By Brontë Schiltz
A few weeks ago, I had to watch Paranorman for one of my Masters modules (the perks of studying the Gothic). At the end of the film (spoilers), it is revealed that the witch tormenting the fictional townspeople is the revenant spirit of Agatha, a young girl accused of witchcraft, who was burnt at the stake by puritan councilmen three centuries earlier, after being traumatically torn away from her mother. In the narrative’s denouement, the young protagonist, Norman, a relative of Agatha who shares her supernatural abilities and outcast status, persuades her to forgive her persecutors, despite her initial reluctance. “They hurt me!” she exclaims when Norman first presses her to abandon her efforts to torment them, to which he asks: “So you hurt them back?” “I wanted everyone to see how rotten they were,” she says, and he responds, accusatorily: “You’re just like them, Agatha!”
This narrative provoked a range of favourable responses from people who identified it as a positive departure from the vindictive revenge narratives that proliferate within American cinema in particular, but I was left with a sense of unease. “They’re just people,” Norman says of Agatha’s persecutors. “Just stupid people who should’ve known better. They did something unforgiveable because they were scared, and they were cursed for it.” In spite of his identification of the unforgivable nature of their behaviour, however, the narrative resolution hinges on forgiveness of the sympathetic zombie figures, their murderous act diminished as a response to fear, and is paralleled by Norman developing a newfound friendship with a former bully. Surely these are not the only stories we can tell? Surely there is something between vengeance and forgiveness of abuse – particularly since domestic abuse, in particular, is often predicated on the victim’s continual forgiveness of the perpetrator, and on the perpetrator convincing their victim that any resistance towards their behaviour makes them the villain?
Although this narrative may be dismissed as “only” a children’s film, this issue of polarised politics pervades contemporary culture on all levels, and seemingly in every area of life, often with dangerous implications. To return to the issue of abuse, I once read a poignant personal essay by a woman who had recently escaped an abusive relationship with a female partner, and who explained that an unwillingness to discuss abuse between women and a portrayal of relationships between women as necessarily perfect within certain lesbian spaces contributed to her belief in her partner’s assertions that she was misreading situations, and that their relationship was in fact normal. In response to this highly personal account, the author received vicious backlash from various commenters, who accused her of simply being jealous of other women’s relationships, and of reinforcing homophobic views of lesbian relationships as inherently destructive. This was deeply troubling to me – the suggestion that the only possible portrayals of relationships between women are as entirely perfect or entirely monstrous precludes the possibility of any honest discussion of genuine experience, with, as the essay in question proves, potentially devastating consequences.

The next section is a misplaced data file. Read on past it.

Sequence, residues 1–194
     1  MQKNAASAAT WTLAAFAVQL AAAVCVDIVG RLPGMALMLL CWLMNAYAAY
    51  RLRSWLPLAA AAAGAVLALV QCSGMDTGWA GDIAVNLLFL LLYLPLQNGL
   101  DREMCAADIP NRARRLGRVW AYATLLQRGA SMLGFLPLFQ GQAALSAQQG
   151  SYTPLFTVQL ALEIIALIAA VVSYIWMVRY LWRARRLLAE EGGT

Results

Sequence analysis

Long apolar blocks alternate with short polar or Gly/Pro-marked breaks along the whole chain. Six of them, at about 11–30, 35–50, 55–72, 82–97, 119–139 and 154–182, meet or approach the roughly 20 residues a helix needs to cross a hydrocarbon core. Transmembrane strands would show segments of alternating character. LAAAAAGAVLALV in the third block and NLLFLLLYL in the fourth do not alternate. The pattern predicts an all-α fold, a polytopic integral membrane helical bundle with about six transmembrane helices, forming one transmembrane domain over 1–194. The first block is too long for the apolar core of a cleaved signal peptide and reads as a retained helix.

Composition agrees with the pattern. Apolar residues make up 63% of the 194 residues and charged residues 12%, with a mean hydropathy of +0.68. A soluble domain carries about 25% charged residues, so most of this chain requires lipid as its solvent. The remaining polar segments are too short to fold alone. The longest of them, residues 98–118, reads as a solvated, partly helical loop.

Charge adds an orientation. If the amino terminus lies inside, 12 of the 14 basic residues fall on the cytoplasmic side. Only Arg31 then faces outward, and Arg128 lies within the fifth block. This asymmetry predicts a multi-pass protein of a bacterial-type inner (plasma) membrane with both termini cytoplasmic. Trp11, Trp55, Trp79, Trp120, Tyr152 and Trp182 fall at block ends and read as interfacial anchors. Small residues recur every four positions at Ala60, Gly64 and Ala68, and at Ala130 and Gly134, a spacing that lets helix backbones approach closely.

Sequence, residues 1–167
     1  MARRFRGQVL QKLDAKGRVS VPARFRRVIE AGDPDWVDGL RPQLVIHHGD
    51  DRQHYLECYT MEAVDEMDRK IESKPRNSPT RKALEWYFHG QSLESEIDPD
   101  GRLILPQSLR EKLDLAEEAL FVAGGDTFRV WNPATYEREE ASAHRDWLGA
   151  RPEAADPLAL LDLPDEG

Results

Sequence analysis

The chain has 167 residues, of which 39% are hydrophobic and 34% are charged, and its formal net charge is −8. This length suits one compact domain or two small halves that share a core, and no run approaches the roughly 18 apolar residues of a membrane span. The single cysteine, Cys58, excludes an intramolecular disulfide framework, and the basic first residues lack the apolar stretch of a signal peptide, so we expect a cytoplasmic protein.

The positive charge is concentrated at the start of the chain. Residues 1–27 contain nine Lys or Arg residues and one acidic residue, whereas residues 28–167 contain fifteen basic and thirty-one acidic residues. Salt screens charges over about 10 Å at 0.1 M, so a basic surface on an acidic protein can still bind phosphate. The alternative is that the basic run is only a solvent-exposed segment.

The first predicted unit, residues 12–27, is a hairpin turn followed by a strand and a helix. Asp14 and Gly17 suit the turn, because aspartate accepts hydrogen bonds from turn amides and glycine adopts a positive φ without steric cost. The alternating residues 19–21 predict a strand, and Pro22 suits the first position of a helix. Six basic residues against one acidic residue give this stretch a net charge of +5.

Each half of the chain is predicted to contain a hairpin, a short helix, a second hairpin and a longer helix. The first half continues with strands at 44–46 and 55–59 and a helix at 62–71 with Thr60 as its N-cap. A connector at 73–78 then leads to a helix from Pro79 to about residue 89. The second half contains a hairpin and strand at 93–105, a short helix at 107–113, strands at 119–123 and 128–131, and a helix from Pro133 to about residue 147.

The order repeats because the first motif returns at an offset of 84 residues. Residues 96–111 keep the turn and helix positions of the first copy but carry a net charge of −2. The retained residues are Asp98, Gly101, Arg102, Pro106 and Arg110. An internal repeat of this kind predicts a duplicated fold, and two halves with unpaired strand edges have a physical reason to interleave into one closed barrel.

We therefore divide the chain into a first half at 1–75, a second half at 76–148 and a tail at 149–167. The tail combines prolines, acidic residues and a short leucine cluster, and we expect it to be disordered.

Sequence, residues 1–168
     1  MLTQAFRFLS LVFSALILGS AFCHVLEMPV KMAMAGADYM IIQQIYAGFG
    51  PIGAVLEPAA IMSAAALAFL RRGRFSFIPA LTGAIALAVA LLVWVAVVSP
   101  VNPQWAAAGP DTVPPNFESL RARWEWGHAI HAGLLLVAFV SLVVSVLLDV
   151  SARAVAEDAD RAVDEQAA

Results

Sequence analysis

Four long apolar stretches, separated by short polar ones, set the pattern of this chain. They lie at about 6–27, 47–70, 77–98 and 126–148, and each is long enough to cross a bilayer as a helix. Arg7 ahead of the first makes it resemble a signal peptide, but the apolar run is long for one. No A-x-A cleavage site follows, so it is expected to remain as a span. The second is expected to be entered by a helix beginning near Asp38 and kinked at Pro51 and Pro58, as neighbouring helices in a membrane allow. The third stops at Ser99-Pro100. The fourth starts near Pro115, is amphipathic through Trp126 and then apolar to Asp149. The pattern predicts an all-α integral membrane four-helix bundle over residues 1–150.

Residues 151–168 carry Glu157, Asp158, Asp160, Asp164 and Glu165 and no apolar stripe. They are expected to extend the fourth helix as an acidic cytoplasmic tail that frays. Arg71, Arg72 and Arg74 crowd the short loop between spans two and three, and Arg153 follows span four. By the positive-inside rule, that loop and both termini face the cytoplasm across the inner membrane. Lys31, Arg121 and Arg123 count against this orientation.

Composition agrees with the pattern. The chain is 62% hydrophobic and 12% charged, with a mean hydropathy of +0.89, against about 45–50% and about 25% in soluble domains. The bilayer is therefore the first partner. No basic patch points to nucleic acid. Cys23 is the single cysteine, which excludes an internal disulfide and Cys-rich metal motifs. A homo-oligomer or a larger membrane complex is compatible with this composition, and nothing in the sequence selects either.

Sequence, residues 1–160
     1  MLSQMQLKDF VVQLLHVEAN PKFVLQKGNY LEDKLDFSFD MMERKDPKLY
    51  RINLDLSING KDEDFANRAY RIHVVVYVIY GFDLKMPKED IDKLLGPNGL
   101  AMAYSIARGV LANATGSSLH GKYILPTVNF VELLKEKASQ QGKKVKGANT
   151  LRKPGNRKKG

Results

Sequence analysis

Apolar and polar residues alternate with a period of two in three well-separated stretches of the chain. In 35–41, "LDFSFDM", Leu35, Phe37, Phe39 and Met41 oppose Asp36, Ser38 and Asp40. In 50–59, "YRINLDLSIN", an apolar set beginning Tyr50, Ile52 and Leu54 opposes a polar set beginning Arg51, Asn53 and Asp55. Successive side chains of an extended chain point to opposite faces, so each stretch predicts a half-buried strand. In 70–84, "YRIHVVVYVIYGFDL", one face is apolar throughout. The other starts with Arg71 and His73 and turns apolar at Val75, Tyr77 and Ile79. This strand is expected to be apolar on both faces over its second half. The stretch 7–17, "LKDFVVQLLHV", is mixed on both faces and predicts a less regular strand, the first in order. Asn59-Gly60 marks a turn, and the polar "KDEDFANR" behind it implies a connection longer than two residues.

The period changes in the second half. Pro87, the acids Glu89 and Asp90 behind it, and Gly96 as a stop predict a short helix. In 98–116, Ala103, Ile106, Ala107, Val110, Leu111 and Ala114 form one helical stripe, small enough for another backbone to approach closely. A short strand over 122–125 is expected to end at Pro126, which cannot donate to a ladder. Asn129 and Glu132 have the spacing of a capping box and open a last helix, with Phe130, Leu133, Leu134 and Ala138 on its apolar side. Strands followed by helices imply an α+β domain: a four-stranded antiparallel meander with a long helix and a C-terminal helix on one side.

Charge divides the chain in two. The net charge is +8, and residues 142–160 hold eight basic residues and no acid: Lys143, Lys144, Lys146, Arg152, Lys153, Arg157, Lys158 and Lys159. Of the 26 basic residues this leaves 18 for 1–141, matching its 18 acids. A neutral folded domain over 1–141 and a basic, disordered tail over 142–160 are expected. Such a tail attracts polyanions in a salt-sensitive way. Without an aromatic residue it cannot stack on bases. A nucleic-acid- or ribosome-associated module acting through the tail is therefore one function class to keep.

Moreover, this issue not only affects social discourse, but legal and medical discourse, too. Several years ago, I worked in the field of disability as a support worker. During my training for this role, myself and the other participants were taught to differentiate between an outdated medical model of disability, which identified the issue as within the individual – that there was something wrong with them – and the progressive social model, which identified the issue as within society – that there were insufficient provisions to allow individuals to fully engage in everyday life to the same extent as others. While I am, of course, able to recognise the merits of the latter model for many individuals, I also feel personally distanced by it. In my late teens, I was diagnosed with joint hypermobility syndrome, a chronic pain condition which is legally recognised as a disability. The issue with the replacement of the medical model with the social model in disability discourse, and subsequently by medical and legal practitioners, is that joint hypermobility syndrome, along with various other chronic pain conditions, is intrinsic to my body. There is nothing that social change could do to eliminate my tribulations, and it concerns me that the discouragement of research into cures for disabilities which results from the privileging of the social model, while an undeniably positive development for some, could also mean that I am never able to live without pain.
Within the social climate of “cancel culture”, in which people have learned to fear public humiliation if they express any opinion deemed problematic by the dominant online discourse of the given moment, viewpoints are becoming increasingly polarised. As Oscar Wilde once wisely remarked, however, “the truth is rarely pure and never simple.” Life is complicated, and nuance is never a bad thing. Considering multiple sides of complex issues is not just a mark of wisdom, demonstrating a capacity for critical thinking; it’s also politically crucial. In an age of apparently diminishing attention spans and 280 character limits, it is tempting to take issues at face value, agreeing with whatever views the public figures we follow on social media are currently expressing, but we must do better than that. In many cases, people’s wellbeing depends on it.